• Nature Medicine September, 2000;6:965-966, 1004-1010.

“All members of the two most popular classes of lipid-lowering drugs (the fibrates and the statins) cause cancer in rodents, in some cases at levels of animal exposure close to those prescribed to humans. … Longer-term clinical trials and careful postmarketing surveillance during the next several decades are needed to determine whether cholesterol-lowering drugs cause cancer in humans. In the meantime, the results of experiments in animals and humans suggest that lipid-lowering drug treatment, especially with the fibrates and statins, should be avoided except in patients at high short-term risk of coronary heart disease.”

  • JAMA (Journal of the American Medical Association) 1996 Jan 3;275:55-60

Additionally, if statins act on the same pathway as VEGF, as the study’s authors state, it further explains the cancer connection. A just-published study shows that VEGF plays an important role in the spread of colorectal cancer and found that survival time was diminished in patients whose cancerous tumors tested positive for VEGF (Br J Cancer 2000 Oct;83:887-891).

Another just-published study shows that VEGF plays a role in diabetic retinopathy (Horm Res 2000;53:53-67). Therefore, if statins act along the same pathway, this is another potential adverse effect of the drugs. Considering the fact that a high percentage of diabetics have heart disease and are likely on these drugs, this is significant.

My own comments:

The enzyme that statins inhibit is responsible for manufacturing CoQ10 in the liver. A CoQ10 deficiency may actually lead to increased heart disease risk (CoQ10 is very prevalent in heart tissue) as well as leaving a person with low levels of a very important antioxidant.

I’ve also read articles linking statins to muscle damage, kidney failure, lowered brain function and attention span, and violent behavior.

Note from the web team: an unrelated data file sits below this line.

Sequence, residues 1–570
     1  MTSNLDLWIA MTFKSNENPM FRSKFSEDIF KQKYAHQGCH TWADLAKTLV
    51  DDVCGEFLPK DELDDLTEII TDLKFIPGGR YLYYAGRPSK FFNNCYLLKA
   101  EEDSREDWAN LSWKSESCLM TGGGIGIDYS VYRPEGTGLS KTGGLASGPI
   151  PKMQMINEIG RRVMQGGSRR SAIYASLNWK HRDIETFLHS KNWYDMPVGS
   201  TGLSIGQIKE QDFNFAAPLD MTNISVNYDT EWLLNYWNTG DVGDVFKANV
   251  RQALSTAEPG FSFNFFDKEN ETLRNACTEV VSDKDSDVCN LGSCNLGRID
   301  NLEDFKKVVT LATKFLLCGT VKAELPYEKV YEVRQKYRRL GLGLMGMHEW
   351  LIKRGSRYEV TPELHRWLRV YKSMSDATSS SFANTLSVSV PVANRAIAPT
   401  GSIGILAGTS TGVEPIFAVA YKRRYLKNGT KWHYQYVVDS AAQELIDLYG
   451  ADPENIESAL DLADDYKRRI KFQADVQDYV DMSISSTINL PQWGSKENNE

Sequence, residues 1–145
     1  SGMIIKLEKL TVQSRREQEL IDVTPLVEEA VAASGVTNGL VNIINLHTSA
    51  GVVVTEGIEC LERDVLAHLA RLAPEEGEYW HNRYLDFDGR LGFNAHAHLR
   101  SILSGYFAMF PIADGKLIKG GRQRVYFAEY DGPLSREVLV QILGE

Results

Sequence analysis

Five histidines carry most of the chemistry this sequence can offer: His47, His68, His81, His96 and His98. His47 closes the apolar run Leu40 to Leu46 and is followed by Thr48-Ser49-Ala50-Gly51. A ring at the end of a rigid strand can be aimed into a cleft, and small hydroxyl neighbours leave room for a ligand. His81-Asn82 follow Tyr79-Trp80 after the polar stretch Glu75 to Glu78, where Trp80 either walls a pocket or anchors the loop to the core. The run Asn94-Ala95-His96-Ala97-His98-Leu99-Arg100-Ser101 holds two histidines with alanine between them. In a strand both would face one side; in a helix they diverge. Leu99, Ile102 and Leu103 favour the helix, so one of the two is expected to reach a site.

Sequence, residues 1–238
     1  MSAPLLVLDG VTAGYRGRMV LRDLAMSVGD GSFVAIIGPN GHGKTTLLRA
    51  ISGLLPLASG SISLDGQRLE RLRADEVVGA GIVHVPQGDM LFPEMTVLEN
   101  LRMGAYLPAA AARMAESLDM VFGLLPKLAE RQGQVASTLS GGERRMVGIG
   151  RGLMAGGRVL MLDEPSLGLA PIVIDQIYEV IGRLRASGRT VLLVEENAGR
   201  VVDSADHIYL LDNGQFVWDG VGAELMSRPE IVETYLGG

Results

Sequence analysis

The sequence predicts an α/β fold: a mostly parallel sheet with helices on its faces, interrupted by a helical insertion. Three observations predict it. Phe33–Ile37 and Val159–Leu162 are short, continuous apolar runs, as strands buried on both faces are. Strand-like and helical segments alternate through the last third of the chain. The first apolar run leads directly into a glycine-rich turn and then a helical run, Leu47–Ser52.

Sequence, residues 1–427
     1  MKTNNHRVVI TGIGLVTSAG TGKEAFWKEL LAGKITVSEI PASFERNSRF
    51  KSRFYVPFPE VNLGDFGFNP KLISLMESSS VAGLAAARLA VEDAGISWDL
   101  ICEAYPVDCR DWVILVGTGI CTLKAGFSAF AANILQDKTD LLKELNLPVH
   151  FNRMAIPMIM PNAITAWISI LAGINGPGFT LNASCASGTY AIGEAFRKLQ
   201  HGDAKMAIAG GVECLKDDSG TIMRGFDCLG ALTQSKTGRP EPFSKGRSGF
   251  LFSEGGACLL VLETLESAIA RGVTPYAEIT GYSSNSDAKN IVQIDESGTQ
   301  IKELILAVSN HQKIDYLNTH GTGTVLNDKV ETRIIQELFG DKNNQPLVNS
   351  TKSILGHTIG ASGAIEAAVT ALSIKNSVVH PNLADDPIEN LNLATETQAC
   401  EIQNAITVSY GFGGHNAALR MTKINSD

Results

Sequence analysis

Getting down to the bottom line, anyone considering taking a statin to lower their cholesterol should look into the whole cholesterol/heart disease link further. Sure, researchers have found a CORRELATION between high cholesterol and heart disease, but I don’t believe there is strong (or any?) evidence that high cholesterol is the CAUSE of heart disease. Further information on this is very easy to find if you go beyond word of mouth and search for yourself.

Lastly, I have to question the safety of any dose of a drug (Crestor - a popular statin) whose highest dose, 80mg, was NOT approved by the FDA. The same FDA that ALLOWS drugs with side effects such as increased suicide risk, blindness, liver disease, depression, and rectal-seepage :eek:.

How bad do the side effects have to be in order to prevent the FDA from being bought by the pharm. companies?

There is no secret to the prevention of heart-disease, cancer, or basically any other non-genetic disease or condition - its just a matter of practicality and actually making the lifestyle changes. I know its easier said than done, and I hope some day I will fully practice what I preach :o .